12. Laurie says:

    Well, without mammogram, I wouldn’t have found my first cancer either. I’m kinda figuring that taking out a 5 mm cancer is a lot better than waiting til you can feel the obvious lump and may have spread. Mine was an aggressive type. Had lumpectomy and radiation. 7 yrs later, cancer #2, only found because had mammogram done. ‘Nother lumpectomy. 3 yrs later, cancer #3 (and 4—two spots at once). So, it kept recurring (hence double mastectomy), but because they were always small, they didn’t have much of a chance to spread, so I escaped without chemo. PS—I had dense breasts and lots of cysts, but they still managed to see the microcalcification that clued them in. PPS—I was 41 first time. So…………………….I’ll take those false positives!

  13. Ginger says:

    My aggressive invasive ductal carcinoma was discovered by my annual mammogram. After a lumpectomy and radiation I was so happy to be here five years later for the birth of my first grandchild!

  14. Diane says:

    I was diagnosed via mammogram with Stage 2A high-grade her2/neu positive invasive ductal carcinoma in 1999 at the age of 46. I had no lumps. I had a mastectomy and 6 months of chemo. I have not had a recurrence. At the time of my diagnosis, I had a 4-year old daughter and a daughter just about to start college and wondered how they would manage without me. I’m blessed to say that I have been able to see the older daughter get her master’s degree and the younger graduate high school. I have 2 beautiful grandsons. Where would I be without early detection? Because my cancer was aggressive, I’m sure I would not be here now if I had waited until the cancer was big enough to detect via breast exam.Thank goodness for mammography!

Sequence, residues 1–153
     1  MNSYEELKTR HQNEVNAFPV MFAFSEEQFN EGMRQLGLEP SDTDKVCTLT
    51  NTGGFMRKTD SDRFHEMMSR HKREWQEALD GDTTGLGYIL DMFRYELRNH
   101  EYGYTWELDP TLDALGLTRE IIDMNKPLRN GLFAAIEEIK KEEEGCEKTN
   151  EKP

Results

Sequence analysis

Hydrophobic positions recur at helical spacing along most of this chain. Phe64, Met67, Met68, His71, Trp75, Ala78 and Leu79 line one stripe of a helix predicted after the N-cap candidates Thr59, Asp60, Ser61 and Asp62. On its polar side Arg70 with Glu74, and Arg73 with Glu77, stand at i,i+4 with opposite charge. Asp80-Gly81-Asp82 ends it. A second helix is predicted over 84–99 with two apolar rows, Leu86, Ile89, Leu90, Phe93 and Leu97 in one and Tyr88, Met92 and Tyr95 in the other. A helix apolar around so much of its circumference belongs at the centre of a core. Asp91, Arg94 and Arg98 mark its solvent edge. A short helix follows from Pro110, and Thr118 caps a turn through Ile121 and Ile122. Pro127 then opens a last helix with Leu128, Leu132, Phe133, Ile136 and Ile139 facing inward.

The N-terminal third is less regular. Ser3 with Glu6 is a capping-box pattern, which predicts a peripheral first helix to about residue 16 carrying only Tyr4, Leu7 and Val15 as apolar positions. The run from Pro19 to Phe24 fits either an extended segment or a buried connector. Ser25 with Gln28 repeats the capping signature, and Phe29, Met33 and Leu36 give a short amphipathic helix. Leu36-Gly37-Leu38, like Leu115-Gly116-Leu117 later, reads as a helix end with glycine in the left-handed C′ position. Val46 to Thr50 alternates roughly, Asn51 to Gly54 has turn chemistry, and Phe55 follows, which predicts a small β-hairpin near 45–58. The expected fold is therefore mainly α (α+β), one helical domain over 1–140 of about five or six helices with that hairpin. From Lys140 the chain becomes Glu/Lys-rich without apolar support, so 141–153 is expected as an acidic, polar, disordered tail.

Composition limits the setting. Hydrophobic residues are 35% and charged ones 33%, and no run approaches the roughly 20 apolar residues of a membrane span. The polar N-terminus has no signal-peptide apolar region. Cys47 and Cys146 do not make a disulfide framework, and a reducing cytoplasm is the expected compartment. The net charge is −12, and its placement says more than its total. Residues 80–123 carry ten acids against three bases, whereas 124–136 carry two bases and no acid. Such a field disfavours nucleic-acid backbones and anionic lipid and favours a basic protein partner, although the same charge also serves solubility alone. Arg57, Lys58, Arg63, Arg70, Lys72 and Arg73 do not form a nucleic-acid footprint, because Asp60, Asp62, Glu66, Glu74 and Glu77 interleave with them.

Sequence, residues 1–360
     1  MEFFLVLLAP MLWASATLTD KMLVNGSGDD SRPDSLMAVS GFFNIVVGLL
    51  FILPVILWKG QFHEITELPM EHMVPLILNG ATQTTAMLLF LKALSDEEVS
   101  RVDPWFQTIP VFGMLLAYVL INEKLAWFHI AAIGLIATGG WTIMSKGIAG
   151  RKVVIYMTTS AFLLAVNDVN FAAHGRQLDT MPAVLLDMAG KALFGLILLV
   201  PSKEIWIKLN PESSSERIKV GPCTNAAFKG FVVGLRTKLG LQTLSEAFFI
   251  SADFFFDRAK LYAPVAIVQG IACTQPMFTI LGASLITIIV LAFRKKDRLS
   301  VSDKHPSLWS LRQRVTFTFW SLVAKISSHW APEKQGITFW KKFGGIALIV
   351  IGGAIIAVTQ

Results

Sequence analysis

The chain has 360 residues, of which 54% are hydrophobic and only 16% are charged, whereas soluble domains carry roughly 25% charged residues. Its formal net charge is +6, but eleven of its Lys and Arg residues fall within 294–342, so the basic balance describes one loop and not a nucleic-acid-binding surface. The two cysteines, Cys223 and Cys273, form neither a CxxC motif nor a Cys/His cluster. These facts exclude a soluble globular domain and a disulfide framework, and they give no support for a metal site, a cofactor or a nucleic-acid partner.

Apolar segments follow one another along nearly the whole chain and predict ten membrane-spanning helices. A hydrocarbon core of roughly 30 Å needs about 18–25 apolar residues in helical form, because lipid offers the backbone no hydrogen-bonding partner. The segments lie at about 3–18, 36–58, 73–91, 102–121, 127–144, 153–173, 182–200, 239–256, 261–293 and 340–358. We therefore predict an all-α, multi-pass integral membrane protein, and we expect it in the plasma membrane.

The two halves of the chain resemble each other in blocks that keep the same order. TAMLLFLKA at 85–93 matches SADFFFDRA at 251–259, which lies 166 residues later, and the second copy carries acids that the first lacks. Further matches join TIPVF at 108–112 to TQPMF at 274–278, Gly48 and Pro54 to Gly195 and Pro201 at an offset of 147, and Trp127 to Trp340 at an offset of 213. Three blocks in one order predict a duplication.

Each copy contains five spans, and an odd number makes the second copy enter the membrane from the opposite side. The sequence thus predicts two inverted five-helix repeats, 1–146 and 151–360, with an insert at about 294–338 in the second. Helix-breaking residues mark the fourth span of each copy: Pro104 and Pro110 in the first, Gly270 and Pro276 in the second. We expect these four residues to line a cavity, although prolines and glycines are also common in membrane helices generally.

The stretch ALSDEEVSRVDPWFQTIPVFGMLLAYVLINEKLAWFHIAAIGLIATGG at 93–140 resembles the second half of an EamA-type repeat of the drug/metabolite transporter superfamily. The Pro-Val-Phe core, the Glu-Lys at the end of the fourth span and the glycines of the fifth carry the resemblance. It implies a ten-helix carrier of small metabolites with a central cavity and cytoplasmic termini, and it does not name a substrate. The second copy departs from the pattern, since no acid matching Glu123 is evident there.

15. Marguerite Gunn says:

    I have dense breasts. I had fibrocystic breasts. Annual mammograms for 10 years. Then the government said that after 60 I only needed one every other year. I was going to cancel one that was already scheduled but somehow I had it anyway. It showed DCIS. I had a lumpectomy. I asked the surgeon to take out a large chunk to make sure the margins were clear-at my age that would mean no radiation necessary. But some invasive ductal was found in the margins, fairly distant from the biopsy, and also 2.3 cm of LCIS which was pleomorphic (aggressive) and signaled a 40% chance of having it in the other breast. I had bilateral partial mastectomies with a sentinel node biopsy (neg.) and a lift- I have adorable revised C cup breasts and a lot of tissue went to pathology. A little more invasive was found. Margins were clean. Smaller breasts made 33 radiation treatments more precise. I am so grateful that I had that mammogram and didn’t wait a year. The cancer was caught at stage 1a. If I had waited a year, due to the aggressive nature of the abnormal cells, I would have had a higher stage necessitating chemotherapy. I am a fan of annual mammograms and early diagnosis. So what if 22% are false pos. or neg. The other 78% of us are diagnosed and treated at the earliest possible stage. Should we throw out screenings or surgery for DCIS because of a few, or keep them and help the many with the earliest diagnosis possible? I just gave you my answer!!

  16. Luz says: